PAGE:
One weekend in 2006, after wrestling with the question of which of the world’s too many troubles to mention in the intercessions at Sunday Eucharist, I empathised with Phillip Adams‘ lament in a column in the Weekend Australian Magazine. An extract:
I understand why fewer people are reading newspapers. I sympathise with the millions who don’t watch the news or SBS, or listen to Radio National, or read important books, or attend lectures on urgent issues. If you know about the woes of the world, then “compassion fatigue” can be more comprehensible than reprehensible. And if you’re lucky enough not to know, then who can blame you for wanting to censor the incoming signals? I can begin to empathise with those who dull the pain with drugs or shopping.
It seems I spend my time writing or broadcasting on wars, genocides, child soldiers, torture, climate change, George Bush, terrorism, refugees, West Papua, species extinction, John Howard, AIDS in Africa, ethnic cleansing, salinity problems, deforestation in the Solomon Islands, fundamentalists, social injustice, political chicanery, right-wing lunacies and the Vatican’s blanket ban on condoms. And that’s just Monday and Tuesday. On Wednesday it’s on to the death penalty, the decreasing incidence of voting in Western democracies … before looking at really serious problems such as the mess the AL-bloody-P is in and the millions who’ll die when the bird flu pandernic breaks out.
And it just occurs to me that waltzing is a very funny word, and that our national song is about a waltzing swagman who commits suicide over a sheep, which reminds me of all the problems in the rural sector, particularly the endless drought at the farm, and the depression afflicting swaggies, Les Murray and the ex-premier of Western Australia – and me, whenever I think of John Howard.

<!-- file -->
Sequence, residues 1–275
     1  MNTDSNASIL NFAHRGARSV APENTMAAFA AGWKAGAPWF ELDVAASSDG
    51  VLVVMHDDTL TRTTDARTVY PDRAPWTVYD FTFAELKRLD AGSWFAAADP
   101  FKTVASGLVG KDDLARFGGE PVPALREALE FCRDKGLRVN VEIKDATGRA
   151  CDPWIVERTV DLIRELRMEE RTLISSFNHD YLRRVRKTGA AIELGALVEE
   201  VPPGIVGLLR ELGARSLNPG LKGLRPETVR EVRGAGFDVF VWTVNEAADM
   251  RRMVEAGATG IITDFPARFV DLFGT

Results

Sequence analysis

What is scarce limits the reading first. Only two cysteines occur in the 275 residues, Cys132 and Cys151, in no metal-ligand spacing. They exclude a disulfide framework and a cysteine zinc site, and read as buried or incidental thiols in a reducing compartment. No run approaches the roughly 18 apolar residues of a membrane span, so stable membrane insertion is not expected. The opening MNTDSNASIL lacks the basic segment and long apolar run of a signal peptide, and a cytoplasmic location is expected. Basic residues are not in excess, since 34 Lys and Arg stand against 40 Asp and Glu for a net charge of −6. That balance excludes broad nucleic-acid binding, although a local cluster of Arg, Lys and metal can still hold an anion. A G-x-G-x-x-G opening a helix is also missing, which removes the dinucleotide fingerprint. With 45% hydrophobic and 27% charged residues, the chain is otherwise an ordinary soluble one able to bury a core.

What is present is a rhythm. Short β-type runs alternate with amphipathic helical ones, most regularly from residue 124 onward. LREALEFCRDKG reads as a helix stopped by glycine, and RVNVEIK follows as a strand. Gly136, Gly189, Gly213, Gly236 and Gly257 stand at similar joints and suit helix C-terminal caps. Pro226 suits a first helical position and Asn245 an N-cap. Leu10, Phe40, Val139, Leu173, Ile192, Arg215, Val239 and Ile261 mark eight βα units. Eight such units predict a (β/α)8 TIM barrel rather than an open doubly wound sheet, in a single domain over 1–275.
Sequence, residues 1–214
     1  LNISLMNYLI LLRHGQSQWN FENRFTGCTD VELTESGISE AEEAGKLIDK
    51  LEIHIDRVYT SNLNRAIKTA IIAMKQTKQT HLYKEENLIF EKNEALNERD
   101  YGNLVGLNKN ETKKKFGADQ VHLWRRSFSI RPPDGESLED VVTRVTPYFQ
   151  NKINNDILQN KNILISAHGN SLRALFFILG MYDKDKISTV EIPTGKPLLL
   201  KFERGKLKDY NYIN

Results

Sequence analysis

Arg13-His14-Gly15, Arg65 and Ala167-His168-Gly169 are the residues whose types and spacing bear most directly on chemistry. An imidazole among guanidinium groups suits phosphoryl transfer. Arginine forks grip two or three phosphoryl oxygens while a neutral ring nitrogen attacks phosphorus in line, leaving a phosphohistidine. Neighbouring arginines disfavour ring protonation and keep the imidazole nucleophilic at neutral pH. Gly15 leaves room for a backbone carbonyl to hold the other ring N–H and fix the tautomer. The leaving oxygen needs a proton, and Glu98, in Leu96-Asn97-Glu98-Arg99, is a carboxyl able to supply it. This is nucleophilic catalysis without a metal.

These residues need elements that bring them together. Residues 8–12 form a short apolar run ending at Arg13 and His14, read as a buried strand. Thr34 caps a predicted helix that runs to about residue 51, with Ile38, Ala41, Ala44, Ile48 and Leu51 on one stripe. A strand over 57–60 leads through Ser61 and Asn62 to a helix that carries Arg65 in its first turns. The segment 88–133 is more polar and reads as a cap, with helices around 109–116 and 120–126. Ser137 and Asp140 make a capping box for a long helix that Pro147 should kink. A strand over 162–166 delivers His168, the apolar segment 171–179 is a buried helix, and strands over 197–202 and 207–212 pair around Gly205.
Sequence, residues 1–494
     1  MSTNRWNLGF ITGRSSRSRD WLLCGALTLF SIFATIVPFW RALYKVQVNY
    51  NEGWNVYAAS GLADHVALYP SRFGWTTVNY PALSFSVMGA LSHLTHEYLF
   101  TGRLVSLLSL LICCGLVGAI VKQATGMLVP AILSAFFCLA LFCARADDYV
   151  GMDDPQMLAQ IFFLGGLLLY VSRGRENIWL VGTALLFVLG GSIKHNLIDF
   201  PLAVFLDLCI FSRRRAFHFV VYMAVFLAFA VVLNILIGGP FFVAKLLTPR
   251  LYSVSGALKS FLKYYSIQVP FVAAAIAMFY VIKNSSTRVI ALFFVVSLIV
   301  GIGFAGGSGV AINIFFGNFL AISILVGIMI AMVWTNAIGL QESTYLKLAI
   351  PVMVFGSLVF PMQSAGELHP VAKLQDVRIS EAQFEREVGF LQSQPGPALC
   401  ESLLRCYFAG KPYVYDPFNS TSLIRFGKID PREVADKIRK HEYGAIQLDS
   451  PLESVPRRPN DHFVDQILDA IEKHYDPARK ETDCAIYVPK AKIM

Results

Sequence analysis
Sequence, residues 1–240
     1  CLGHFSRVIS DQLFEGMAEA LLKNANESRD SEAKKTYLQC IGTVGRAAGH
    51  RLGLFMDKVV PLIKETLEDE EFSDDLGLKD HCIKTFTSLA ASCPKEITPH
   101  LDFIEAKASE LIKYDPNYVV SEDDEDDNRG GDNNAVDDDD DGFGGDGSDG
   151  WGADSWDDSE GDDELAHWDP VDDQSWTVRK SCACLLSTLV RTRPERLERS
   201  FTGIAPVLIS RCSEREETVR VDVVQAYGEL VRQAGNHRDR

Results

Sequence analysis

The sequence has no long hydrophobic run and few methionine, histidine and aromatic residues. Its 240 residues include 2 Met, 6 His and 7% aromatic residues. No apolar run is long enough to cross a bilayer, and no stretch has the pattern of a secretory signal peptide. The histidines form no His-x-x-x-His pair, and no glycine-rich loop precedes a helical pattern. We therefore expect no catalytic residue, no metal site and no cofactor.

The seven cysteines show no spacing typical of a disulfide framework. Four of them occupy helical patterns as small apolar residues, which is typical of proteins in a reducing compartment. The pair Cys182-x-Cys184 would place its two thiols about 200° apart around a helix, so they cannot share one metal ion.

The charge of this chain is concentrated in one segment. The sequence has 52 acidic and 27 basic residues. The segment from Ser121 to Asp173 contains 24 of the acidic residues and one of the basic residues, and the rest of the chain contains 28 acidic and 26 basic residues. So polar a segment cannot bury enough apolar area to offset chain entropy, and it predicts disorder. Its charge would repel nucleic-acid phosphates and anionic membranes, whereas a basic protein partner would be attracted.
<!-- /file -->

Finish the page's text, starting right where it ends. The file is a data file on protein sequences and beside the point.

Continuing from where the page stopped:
Darfur, petrol-sniffing [in remote indigenous communities], Cronulla [race-riots], domestic violence, arsonists lighting bushfires- a laugh a minute. It’s like being trapped in a revolving door with a hundred hopeless problems, like being beaten on the head by the vanes of Don Quixote’s windmill, like being condemned to spend eternity dancing with Pauline Hanson [retired right-wing politican] or attending a dinner party with Phil Ruddock [Attorney-General of Australia]. Only it’s even worse: like waking up and finding that Bush is still president.
I try to cheer myself up thinking that I’ll soon be dead, but that could take months. . . . Then, all of a sudden, I feel a hint of hope. Not too much-just enough to rejoin the human race, that sad and sorry mob who muck everything up. Yet humanity can claim one great victory. We made Singin’ in the Rain.